Solar

Is Organic PV the Future of Solar?

When Dr. Alan Heeger and his colleagues began experimenting with newly-found semiconducting polymers in the 1970s, they just wanted to understand the basic physics of how electrons were set free in the materials. But they ended up making a discovery that has helped advance a new generation of solar plastics and inks.

By oxidizing polyacetylene, a long-chain molecule which acts like a pigment, the researchers found the polymer to have extraordinarily high conductive properties.

“We realized it in a classic ‘ah ha moment,’” says Heeger. “But then over and over again, we saw additional properties that we had not foreseen.”

Eventually, Heeger and his colleagues, Alan MacDiarmind and Hideki Shirakawa, figured out that the material was not just a novelty. It had the potential to change the way we manufacture electronic devices, transistors, diodes and solar cells. These semiconducting polymers could be put in a solution and printed on a substrate – potentially creating a revolution in electronics that rivals what Gutenberg’s printing press did for books 600 years earlier.

“Printing is a low-cost, high speed manufacturing process…I doubt that there’s a lower-cost manufacturing for any solar technology,” says Heeger.

The science community agreed. In 2000, the three researchers received the Nobel Prize in chemistry for their work.

A year later Heeger co-founded Konarka, a Massachussets-based company working to commercialize organic solar PV technologies. The company has since racked up tens of millions of dollars in financing and has built a GW-scale manufacturing facility that produces “power plastic,” a flexible material that can be integrated into bags, electronics, and building materials.

With all this promising sounding news, one might think that the revolution in printed organic PV is underway. But that’s definitely not the case. A number of technical challenges and changing market conditions have made it difficult for third-generation solar companies to ramp up production and sell products.

 

“Clearly the industry had a good story to tell,” says technology journalist Peter Fairley. “But that story has since changed and I think things look very different today for these companies.”

During the height of the silicon shortage between 2005 and 2007, interest in emerging third-generation solar technologies was strong. The high price of silicon made printable, non-silicon based solar products look very attractive. Never mind that they were only 4 to 5 percent efficient and lasted for only a few years – roll-to-roll printing below a dollar per watt was an attractive selling point.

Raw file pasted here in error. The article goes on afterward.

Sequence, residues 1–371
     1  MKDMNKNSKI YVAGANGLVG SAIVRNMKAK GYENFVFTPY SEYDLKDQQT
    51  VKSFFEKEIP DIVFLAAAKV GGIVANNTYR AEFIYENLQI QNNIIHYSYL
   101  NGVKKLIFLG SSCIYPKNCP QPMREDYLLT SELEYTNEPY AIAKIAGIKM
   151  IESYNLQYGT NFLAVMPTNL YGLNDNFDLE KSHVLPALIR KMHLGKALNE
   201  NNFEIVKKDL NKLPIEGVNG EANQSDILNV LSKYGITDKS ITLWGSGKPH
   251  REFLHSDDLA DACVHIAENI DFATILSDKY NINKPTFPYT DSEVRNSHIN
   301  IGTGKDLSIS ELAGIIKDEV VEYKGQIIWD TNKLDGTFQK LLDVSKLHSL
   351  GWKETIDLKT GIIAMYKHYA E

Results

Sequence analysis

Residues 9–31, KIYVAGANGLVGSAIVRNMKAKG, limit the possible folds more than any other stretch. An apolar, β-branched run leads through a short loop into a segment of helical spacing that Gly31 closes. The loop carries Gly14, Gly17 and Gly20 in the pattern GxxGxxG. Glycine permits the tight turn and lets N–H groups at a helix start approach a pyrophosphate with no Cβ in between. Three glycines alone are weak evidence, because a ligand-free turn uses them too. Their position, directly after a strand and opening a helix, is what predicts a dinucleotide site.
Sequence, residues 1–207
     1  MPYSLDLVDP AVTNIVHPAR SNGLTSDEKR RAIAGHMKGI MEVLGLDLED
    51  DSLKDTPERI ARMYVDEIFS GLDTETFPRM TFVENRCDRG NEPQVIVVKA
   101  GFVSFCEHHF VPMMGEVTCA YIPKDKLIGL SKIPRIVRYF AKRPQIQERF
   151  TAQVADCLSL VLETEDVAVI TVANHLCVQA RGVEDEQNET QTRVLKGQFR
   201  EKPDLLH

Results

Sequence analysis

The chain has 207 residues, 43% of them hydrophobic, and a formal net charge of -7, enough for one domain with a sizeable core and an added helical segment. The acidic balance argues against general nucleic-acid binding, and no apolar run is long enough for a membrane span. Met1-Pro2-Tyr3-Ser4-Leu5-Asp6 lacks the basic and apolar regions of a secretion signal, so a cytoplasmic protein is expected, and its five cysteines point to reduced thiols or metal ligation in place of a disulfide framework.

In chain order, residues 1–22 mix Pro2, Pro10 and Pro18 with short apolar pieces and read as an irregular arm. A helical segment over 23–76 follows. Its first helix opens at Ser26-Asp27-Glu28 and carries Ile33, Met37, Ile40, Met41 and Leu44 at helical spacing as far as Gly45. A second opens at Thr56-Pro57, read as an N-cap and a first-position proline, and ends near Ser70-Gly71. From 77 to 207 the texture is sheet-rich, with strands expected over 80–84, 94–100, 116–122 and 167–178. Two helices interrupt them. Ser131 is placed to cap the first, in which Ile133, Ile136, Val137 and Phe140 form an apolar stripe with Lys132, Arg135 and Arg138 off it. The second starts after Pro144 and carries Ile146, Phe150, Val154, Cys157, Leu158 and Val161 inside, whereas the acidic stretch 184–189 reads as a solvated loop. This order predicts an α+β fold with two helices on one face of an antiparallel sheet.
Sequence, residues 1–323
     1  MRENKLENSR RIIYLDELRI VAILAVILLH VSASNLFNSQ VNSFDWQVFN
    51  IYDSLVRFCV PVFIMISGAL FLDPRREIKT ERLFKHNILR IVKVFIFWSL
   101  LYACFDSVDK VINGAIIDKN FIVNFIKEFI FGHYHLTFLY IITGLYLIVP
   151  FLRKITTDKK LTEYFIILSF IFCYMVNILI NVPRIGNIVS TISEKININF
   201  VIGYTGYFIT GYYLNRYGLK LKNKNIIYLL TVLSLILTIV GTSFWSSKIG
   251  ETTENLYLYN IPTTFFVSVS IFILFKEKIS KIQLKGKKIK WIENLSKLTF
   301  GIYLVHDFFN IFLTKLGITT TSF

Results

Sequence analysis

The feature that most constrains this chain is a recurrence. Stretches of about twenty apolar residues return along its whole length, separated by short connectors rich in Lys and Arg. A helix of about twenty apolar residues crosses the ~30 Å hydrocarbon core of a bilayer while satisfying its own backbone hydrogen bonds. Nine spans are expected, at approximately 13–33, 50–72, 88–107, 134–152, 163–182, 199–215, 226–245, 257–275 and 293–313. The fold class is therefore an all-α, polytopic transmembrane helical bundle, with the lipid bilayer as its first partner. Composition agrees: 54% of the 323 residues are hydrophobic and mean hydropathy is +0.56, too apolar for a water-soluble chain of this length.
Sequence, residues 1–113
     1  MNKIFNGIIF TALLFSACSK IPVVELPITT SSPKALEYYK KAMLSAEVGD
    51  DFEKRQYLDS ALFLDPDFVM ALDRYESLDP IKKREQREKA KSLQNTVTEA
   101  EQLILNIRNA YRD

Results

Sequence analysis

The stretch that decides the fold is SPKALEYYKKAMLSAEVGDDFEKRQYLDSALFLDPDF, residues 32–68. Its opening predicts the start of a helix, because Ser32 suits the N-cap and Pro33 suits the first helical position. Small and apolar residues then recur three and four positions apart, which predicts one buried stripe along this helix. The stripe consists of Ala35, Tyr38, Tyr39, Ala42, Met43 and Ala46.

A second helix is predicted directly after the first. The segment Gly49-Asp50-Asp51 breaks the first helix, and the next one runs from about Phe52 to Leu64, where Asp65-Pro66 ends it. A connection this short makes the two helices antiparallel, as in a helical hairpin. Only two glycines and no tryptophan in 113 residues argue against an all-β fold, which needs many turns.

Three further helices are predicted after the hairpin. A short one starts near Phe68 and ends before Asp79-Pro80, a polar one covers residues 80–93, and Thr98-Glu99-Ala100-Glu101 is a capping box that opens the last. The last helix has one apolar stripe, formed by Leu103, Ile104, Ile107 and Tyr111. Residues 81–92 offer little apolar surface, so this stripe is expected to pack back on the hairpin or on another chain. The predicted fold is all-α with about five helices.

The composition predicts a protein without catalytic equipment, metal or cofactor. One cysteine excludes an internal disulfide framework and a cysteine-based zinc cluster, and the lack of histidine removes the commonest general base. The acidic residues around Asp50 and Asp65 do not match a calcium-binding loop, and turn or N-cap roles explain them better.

Then came Cadmium Telluride thin-film producer First Solar, which said it was manufacturing 11-percent efficient products below a dollar per watt. It quickly steamrolled its way to the top of global module producers.

The eventual easing of the silicon shortage and the global oversupply of PV caused a roughly 30% drop in prices, making traditional PV technologies more attractive than they’ve ever been. This has taken some of the spotlight off the third-gen PV industry as well.

Konarka may have a GW-scale manufacturing facility, but they don’t appear to be shipping anywhere close to that amount of product.

“I don’t believe that Konarka is producing a GW of material a year,” says Fairley. “They have to find buyers and people who want a GW of their material. And that’s still the number one challenge.”

With such low efficiencies and short product lifetimes, third-generation PV companies are trying to find a unique niche rather than taking traditional PV head-on. Applications like portable chargers, solar clothing, solar umbrellas and roll-out awnings are the most obvious. And after that, windows and building facades are a potentially promising area. Companies are already installing small building integrated systems, but organic solar technologies need to get much more efficient in order to achieve real scale.

“In the laboratory today, people are making these organic solar cells with peak power efficiencies in the range of 6 to 8 percent. We should be able to get twice that – and that’s our challenge,” says Konarka’s Heeger.

Success in the lab does not necessarily mean success in the market. However, these technologies have moved fairly quickly from research to reality. And if the progress continues, organic PV may someday be competitive with more traditional solar products – someday being the key word.

“It seems premature to call the technology commercialized,” says Fairley. “Many of the products that we’ve heard about have failed to materialize.”

To hear interviews with Alan Heeger and Peter Fairley, listen to the podcast linked above. To see a video clip of Konarka’s manufacturing facility, watch the video below.